Digital Culture

Digital Culture
dig·i·tal | Digital culture, or Internet culture, or cyberculture, is the culture that has emerged, or is emerging, from the use of computer networks for communication, entertainment, and business. Internet culture or digital culture is also the study of various social phenomena associated with the Internet and other new forms of the network communication, such as online communities, online multi-player gaming, wearable computing, social gaming, social media, mobile apps, augmented reality, and texting, and includes issues related to identity, privacy, and network formation. Cyberculture is a wide social and cultural movement closely linked to advanced information science and information technology, their emergence, development and rise to social and cultural prominence between the 1960s and the 1990s. Cyberculture was influenced at its genesis by those early users of the internet, frequently including the architects of the original project. These individuals were often guided in their actions by the hacker ethic. While early cyberculture was based on a small cultural sample, and its ideals, the modern cyberculture is a much more diverse group of users and the ideals that they espouse. — Wikipedia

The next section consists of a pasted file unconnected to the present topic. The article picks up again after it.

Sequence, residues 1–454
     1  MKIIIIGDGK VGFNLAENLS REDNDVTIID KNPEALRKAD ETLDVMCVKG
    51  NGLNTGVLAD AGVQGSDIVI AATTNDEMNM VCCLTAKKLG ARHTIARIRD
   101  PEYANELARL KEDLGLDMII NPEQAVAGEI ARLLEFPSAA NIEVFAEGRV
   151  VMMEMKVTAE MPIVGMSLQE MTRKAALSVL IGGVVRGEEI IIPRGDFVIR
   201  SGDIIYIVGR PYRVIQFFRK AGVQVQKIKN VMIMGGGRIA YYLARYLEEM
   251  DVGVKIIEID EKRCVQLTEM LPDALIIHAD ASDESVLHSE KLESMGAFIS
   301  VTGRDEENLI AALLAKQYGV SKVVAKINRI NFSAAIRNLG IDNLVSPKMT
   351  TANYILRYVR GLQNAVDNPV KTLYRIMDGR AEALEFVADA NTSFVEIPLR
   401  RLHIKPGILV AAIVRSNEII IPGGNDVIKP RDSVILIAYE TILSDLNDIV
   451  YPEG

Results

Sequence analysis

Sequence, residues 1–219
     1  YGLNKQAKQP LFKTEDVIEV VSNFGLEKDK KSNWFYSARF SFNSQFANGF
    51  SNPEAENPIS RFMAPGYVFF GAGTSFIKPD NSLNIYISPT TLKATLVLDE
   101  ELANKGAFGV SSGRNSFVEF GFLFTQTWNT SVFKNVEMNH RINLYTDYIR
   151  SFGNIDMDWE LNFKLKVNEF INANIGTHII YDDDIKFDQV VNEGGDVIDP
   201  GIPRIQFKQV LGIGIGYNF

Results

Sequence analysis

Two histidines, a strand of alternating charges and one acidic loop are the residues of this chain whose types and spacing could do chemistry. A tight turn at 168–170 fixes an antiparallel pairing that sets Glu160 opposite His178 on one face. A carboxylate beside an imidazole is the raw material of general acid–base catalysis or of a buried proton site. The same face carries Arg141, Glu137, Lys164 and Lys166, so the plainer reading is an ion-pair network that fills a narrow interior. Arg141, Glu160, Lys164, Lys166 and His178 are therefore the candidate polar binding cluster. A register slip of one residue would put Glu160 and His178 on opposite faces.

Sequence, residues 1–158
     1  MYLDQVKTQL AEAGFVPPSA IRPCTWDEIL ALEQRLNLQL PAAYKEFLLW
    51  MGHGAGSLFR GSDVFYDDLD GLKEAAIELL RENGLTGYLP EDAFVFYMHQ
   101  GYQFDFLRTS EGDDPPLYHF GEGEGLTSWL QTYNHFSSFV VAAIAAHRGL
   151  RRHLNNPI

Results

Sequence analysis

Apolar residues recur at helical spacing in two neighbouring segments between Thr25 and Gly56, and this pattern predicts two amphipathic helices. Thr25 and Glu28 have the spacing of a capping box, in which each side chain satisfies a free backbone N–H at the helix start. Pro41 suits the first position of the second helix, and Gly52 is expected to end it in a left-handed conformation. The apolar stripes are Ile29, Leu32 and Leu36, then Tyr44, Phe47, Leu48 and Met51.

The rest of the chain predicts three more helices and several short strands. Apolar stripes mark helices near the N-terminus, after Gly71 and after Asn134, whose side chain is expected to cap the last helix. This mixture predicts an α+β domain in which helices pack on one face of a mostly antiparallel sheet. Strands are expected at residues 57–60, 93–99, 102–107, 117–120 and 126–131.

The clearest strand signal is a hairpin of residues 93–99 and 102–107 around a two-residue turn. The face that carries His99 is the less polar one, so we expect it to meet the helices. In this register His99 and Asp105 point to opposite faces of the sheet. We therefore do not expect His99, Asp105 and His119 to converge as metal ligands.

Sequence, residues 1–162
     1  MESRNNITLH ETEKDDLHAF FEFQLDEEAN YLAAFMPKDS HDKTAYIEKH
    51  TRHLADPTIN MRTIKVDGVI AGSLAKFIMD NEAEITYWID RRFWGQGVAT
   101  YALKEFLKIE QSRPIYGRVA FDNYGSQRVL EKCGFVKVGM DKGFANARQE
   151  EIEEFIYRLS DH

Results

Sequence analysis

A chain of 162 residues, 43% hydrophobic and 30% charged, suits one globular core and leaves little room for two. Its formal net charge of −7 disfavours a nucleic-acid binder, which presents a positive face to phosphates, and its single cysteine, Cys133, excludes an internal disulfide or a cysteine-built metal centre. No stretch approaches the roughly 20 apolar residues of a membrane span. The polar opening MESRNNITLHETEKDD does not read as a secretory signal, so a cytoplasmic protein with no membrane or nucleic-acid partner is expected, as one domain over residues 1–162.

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    Deem Journal – Issue 1

    Deem Journal Issue 1 (Designing for Dignity) is here. Issue One uses Adrienne Maree Brown’s Emergent Strategy as a framework for reassessing our relationships to design and to change. Through positioning design as a social practice, dignity becomes our lens for considering various global perspectives on co-living, architecture, and hyperlocal food systems. An interdisciplinary and multigenerational group of contributors lend their points of view on what "Designing for Dignity" might mean.
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